A group of carpoolers will inexplicably wake up one morning in the middle of a forest, the home of a bloodthirsty cult.
Bloody and mysterious, but nothing you haven’t seen before. The dark and hostile opening sequence reeks of pending vulgar, cult-y death! The technique of cutting away to the humorous introduction of characters (future victims), but also the characters themselves constitute a… classic (American) horror story. Of course, the film is Italian so, let’s see how that translates.
Admittedly, the first bloody sequence, half an hour into the film, is going to cut your breath and make you want to avert your eyes, but chances are that you won’t. From then on, expect some more of that, but not much more in general. It is a film that you won’t be talking about past the end credits. It has been done before numerous times the last twenty years, and better: Wrong Turn (2003), Wolf Creek (2005), The Hills Have Eyes (2006), I Spit on Your Grave (2010), The Killing List (2011), The Ritual (2017), Midsommar (2019), etc. By adding all of the above into the mix, it doesn’t necessarily make the mix more flavoured. On the other hand, this merely means that it cannot be gruesomely and morbidly entertaining. And it is, just don’t expect much. Writers/directors Roberto De Feo and Paolo Strippoli and Netflix create an amalgamation of horrors with a touch of social pedantry and a hint of urban pseudo-philosophy.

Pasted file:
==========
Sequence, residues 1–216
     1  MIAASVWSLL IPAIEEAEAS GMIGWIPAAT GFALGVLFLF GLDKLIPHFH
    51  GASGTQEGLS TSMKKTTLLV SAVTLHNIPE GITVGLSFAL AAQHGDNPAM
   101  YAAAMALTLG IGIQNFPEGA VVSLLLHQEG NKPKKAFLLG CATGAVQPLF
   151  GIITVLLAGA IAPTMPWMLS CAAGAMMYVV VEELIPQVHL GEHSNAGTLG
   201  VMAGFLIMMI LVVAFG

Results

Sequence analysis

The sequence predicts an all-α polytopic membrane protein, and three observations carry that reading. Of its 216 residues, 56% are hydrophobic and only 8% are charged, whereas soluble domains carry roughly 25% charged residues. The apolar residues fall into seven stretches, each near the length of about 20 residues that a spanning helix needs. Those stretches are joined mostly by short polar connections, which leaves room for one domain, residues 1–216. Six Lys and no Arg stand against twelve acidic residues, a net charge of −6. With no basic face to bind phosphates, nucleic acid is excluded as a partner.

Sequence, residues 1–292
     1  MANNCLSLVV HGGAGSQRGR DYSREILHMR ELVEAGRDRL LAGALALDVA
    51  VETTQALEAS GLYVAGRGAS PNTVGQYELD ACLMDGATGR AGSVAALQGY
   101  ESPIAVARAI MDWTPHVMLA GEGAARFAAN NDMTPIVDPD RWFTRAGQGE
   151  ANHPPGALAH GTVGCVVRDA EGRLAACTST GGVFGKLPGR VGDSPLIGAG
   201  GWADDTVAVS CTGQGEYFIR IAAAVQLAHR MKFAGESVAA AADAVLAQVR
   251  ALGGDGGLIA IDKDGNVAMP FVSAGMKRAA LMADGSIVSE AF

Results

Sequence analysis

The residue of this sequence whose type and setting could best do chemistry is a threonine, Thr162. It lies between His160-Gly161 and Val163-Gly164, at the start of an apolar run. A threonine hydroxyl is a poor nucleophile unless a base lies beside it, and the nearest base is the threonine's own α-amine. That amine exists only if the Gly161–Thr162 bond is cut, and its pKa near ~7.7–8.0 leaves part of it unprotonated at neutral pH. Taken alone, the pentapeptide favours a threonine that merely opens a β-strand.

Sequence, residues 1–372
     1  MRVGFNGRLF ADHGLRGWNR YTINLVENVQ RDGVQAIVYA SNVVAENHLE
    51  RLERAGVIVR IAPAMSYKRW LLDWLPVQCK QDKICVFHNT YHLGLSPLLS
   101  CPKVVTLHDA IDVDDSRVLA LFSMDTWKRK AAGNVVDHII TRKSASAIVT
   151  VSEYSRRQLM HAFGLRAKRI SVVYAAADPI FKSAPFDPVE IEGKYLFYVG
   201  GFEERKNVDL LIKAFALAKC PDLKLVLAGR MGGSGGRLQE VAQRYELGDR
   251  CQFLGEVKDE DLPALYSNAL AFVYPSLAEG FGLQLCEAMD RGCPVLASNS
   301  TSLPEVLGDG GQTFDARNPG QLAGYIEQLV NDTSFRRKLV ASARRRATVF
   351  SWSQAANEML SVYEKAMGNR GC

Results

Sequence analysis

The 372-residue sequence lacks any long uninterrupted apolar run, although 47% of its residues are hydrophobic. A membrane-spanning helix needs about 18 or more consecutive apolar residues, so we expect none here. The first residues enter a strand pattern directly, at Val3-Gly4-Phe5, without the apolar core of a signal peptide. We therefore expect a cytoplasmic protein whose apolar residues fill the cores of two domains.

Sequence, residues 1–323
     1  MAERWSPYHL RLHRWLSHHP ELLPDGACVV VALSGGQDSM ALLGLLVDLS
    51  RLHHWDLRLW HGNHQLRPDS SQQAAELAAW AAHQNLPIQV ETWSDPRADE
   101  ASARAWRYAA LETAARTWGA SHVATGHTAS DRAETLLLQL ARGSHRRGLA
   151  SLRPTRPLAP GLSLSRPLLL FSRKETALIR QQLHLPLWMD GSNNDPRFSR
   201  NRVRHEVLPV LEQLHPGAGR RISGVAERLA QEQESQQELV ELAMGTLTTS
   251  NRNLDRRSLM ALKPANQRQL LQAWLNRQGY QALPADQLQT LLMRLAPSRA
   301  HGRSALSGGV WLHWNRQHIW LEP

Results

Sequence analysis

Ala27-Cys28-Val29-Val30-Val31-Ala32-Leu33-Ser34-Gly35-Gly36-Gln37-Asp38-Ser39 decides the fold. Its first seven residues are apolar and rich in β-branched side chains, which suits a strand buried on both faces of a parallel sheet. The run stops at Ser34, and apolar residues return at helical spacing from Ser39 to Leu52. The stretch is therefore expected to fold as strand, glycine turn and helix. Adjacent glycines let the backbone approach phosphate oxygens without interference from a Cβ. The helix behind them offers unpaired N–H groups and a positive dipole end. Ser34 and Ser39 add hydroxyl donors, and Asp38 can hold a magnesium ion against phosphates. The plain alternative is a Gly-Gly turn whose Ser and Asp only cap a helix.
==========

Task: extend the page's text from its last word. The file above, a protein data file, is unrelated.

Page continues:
The show is mostly stolen by Matilda Anna Ingrid Lutz who is a very convincing actress and, inarguably, one of the hottest women in the film industry. Coincidentally(?), she’s the leading actress of Revenge (2017), portraying a woman who suffers a vicious physical and sexual attack (and takes a bloody revenge after that). Exploitation film finds its roots to the early “talkies”, right after the silent era, and it seems that almost a hundred years later still sells. I guess, for as long as there is a demand there’ll always be a supply. Even though I watch, analyse, and academically research films from every walk of life, I am a horror fan and watch all kinds of horrors. But, if one day that sub-genre eclipsed, I wouldn’t miss it. The is a hideous sadomasochistic psychology behind it, making it the harbinger of snuff films. But that is a different discussion for a different place.